ILLTYD TRETHOWAN was a man for whom God was the priority. In 61 years of unswervingly faithful monastic life, he lived what he taught: that it is possible for the human mind to be aware of God.
Born Kenneth Trethowan in 1907, he was educated at Felsted School and Brasenose College, Oxford. While at university he contracted polio, which left him with a withered arm - a disability he endured with great independence and strength of character. In 1929 he was received into the Catholic Church, and he taught at the Oratory School and Ampleforth, before entering the novitiate at Downside Abbey in 1932. He taught Classics and then English literature in the school from 1936 to 1982. He was ordained priest in 1933 and from then until not long before his death taught philosophy to junior monks in the monastery. He was a fine teacher with a palpably disinterested love of truth and a genius for finding exactly the right book for a particular student. He was valued as a confessor of great prudence and good sense.
Trethowan was the author of eight books and over a hundred articles, as well as translations, an edition of Walter Hilton's The Scale of Perfection, and numerous book reviews. He was concerned to bring writers he considered important, such as Maurice Blondel and Dominique Dubarle, to a wider notice. From 1946 to 1952 and from 1960 to 1964 he edited the Downside Review.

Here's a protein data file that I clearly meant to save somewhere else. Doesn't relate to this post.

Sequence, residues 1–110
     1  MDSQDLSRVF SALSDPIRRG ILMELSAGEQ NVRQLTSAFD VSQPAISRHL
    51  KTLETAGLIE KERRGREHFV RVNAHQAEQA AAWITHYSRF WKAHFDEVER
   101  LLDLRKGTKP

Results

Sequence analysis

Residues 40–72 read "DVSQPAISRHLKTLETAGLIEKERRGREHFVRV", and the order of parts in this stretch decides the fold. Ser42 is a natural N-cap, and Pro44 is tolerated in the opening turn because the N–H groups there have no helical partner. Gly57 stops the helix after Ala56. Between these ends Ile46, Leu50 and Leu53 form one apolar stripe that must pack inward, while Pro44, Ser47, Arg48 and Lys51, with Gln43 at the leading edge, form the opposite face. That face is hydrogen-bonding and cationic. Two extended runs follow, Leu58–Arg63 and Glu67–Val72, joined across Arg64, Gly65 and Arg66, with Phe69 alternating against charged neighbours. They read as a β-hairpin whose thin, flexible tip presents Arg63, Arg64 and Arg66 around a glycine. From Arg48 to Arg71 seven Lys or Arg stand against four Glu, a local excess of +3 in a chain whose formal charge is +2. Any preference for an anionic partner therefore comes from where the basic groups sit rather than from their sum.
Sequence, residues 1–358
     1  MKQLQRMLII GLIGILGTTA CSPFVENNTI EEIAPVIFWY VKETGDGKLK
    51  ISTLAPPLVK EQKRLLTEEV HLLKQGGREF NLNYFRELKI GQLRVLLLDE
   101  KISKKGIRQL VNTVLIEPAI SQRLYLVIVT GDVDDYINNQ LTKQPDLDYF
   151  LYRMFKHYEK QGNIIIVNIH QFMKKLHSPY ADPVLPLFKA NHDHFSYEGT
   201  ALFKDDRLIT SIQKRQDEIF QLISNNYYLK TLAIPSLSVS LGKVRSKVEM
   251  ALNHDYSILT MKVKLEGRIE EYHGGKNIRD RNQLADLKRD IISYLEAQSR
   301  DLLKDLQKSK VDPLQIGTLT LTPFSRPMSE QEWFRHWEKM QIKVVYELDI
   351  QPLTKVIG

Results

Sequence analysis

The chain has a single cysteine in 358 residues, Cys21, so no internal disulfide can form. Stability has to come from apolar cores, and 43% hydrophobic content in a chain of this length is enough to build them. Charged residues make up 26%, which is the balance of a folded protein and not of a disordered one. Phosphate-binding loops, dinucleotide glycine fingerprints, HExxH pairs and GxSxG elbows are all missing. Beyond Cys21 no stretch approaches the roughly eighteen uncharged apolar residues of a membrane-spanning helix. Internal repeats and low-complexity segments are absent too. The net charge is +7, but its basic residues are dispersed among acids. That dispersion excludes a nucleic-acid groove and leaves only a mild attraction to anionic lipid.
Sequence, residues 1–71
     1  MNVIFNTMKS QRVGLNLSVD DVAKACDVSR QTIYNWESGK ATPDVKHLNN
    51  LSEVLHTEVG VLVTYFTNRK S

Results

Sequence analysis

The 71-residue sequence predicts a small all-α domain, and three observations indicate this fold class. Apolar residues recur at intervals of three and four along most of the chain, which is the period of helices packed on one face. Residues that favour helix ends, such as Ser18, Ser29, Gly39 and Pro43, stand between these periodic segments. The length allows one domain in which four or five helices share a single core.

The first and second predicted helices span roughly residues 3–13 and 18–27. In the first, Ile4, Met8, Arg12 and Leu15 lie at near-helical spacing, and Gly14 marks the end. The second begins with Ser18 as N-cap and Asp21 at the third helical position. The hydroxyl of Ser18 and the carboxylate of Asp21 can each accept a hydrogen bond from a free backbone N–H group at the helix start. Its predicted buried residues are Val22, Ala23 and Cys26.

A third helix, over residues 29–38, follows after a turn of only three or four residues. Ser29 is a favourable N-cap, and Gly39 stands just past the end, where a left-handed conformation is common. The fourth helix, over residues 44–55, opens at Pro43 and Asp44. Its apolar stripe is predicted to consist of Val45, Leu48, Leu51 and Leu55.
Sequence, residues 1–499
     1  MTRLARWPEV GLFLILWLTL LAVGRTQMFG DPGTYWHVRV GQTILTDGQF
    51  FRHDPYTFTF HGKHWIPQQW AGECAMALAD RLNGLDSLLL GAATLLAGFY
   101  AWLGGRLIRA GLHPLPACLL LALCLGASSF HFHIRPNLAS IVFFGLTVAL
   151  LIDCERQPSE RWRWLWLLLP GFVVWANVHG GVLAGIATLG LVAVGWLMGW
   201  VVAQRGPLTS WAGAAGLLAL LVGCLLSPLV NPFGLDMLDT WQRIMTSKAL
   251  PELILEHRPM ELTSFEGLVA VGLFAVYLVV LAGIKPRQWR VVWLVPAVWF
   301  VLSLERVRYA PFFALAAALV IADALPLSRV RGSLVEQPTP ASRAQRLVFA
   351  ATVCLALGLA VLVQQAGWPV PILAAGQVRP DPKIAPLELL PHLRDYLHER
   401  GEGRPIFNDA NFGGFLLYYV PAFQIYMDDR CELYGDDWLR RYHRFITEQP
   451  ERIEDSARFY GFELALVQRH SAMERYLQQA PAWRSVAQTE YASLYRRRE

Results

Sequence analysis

In his own writing, he was a fearless thinker. He argued the centrality of contemplation as the growth of faith and the possibility of philosophical certainty about the presence of God. He was not without brushes with ecclesiastical censorship: he good-humouredly recalled receiving an alarming communication to the effect that something of his had been condemned, only to discover that it was a sock that could no longer be darned. His work has done much to make known the intellectual cogency of the Christian faith.
He held the office of subprior at Downside for the legendarily long period of 33 years, from 1958 to 1991, when he was given the honorary title of Cathedral Prior of Ely.
Illtyd Trethowan liked sunbathing and cats. He was always lucid. In the weeks before his death he told us he was happy to die and he faced the end of his earthly life with impressive equanimity and detachment. He was, wrote one friend, 'a gentle, learned, and always kind monk'.
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